I can’t really speculate as to the reason why. If I had an answer, I would have found a solution long ago. I’ve read an awful lot of dating blogs (particularly the excellent Paging Dr. Nerdlove), and the recurring theme seems to be that if you can’t find a date, you have to look inward and fix the things you don’t like about your own life first.
That, however, is where I run into a problem. I like myself. I like my job, and where my career is going, and the state of my health, and where I live, and my money situation, and my family, and my friends, and just about everything in my whole life, except for the fact that I can’t find a woman willing to give me a chance romantically. I feel I would be a good partner; they feel differently. That’s fine. That’s their prerogative. But “fixing” something about myself won’t help if I’m happy as is.
Nor have I been derelict in trying to find women to date. I’ve tried meeting people in person, meeting people online, letting friends set me up, and even gimmicks like speed-dating. I’ve tried asking out good friends and women I’ve just met. I’ve tried being absolutely straightforward and completely coy. I’ve tried every strategy I can think of short of engaging in repellent PUA tactics and approached every attempt with all the confidence and optimism I can muster.
Not only have my attempts failed, but they have actually gotten worse. Last year around this time, I was devastated because ten women in a row had rejected me. At this point, I have lost count of how many times I’ve been rejected since my last successful date, but I would not be surprised if it were triple that amount. I don’t know how, but women have actually found me less attractive as my living situation has improved. I always thought the opposite would be true.
I don’t know what’s wrong, and I don’t know how to fix it, and honestly, my friends and family don’t, either. I’ve asked good friends, casual friends, total strangers, and my closest family members what’s wrong with my approach, and no one has a solid answer. I have come to believe that this is because there is no solid answer.
The realization hit me when I was reading a post in Paging Dr. Nerdlove’s blog. Some men, he said, no matter how smart or handsome or successful, will just never find anyone. They may be perfectly viable mates, but if you run the numbers, some men (and some women, of course) just never find anyone. It’s the luck of the draw.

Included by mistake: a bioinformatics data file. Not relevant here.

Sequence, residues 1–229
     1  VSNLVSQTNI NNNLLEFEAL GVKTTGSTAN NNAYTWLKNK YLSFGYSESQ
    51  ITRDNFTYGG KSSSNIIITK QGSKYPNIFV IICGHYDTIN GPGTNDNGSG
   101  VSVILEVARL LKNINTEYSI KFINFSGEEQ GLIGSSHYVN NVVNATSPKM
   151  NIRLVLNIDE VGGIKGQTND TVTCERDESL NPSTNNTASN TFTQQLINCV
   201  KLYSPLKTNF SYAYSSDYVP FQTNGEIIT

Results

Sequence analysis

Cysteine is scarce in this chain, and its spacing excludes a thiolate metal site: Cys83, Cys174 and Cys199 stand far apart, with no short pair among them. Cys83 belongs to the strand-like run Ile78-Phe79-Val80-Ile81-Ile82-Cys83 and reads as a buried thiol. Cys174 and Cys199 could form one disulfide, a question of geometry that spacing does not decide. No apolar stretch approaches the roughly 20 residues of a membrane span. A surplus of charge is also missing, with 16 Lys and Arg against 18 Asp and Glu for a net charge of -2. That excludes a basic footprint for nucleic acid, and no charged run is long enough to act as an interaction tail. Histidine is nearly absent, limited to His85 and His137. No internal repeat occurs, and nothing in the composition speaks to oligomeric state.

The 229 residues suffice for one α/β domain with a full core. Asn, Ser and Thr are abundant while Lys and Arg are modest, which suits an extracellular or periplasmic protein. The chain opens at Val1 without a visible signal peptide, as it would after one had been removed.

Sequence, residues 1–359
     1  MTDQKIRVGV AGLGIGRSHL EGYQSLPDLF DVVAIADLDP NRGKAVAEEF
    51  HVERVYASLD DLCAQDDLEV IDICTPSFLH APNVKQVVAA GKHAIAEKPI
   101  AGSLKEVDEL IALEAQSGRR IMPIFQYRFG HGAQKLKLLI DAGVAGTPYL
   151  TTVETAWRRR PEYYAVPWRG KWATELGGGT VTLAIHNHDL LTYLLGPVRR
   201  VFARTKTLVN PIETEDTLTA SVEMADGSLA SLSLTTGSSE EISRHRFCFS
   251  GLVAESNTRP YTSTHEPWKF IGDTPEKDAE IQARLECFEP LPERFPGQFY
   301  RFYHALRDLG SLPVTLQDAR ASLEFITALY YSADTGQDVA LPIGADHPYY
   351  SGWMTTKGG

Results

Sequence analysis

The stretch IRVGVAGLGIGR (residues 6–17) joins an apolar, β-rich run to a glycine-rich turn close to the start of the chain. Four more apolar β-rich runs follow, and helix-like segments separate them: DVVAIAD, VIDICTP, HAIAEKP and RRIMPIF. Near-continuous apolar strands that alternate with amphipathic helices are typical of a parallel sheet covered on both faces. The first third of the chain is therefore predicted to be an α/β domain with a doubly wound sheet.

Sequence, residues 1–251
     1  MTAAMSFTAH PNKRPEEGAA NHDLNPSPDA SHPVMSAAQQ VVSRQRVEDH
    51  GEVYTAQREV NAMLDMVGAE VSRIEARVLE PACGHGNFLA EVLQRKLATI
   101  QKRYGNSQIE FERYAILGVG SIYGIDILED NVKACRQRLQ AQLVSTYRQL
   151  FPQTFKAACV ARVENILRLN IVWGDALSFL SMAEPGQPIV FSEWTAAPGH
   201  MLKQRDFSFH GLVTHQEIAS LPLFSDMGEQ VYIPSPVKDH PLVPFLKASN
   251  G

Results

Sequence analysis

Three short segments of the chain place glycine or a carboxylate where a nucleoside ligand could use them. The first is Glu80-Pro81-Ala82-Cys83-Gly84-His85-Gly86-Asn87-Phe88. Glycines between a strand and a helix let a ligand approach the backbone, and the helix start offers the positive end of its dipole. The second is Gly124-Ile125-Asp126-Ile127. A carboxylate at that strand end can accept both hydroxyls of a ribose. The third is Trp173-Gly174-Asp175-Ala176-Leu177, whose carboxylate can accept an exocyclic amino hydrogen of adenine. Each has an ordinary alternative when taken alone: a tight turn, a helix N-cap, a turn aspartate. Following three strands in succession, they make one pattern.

This was possibly the most freeing thing I’ve ever read in my life. For the first time since I was 13, I realized that the problem isn’t me; it’s just statistics. Yes, I’ve been dealt a bad hand (well, really, 14 years of bad hands), but it wasn’t my fault. I can’t change the fact that women don’t want to date me, but I can change my attitude about it. That’s why I’m officially taking my hat out of the ring.
From now on, no more dating for me. No more romantic entanglements with women whatsoever. Will this hurt? Of course. It hurts already. I’ve been near tears several times just while writing this post. But I also know, in my heart of hearts, that it’s the only healthy way for me to live.
As much as I tried to frame a romantic relationship as the one thing missing from my life, the truth is that it’s just Spellforce all over again. I tried and tried and tried to solve a problem without an obvious cause, and all I got in return was frustration. Except getting rejected romantically no matter what you do is much, much worse than failing to run a video game. Instead of frustration, you have heartbreak. Instead of wasted leisure time, you have doubts about your worth as a human being. I can’t live like that, and no compassionate person would want me to.
A friend of mine told me (correctly, I think) that if I wrote this post, people would see it as attention-seeking. Maybe it is, but it’s also incredibly cathartic. I had a problem that literally kept me up at night and drove me into paroxysms of intense misery on a regular basis. I have now solved it — admittedly in the most extreme way possible, but solved it nonetheless.
Does this mean that I’ll never know the intense satisfaction of a healthy romantic relationship? Yes. But I’ll also never have to deal with the constant, soul-crushing despair that goes with getting rejected at every turn and never being able to figure out why. Given the choice between a slim (and rapidly diminishing) shot at happiness balanced with an overwhelming helping of despondency, or a perfectly even keel, I’ve decided to take the even keel.
That’s my story, and I’m sticking to it. From where the sun now stands, I will date no more forever. The only thing I can offer by way of advice is to be kind and respectful to the women in your life, even if you’ve suffered rejection like I have. Learn to let go, and you’ll both be happier for it.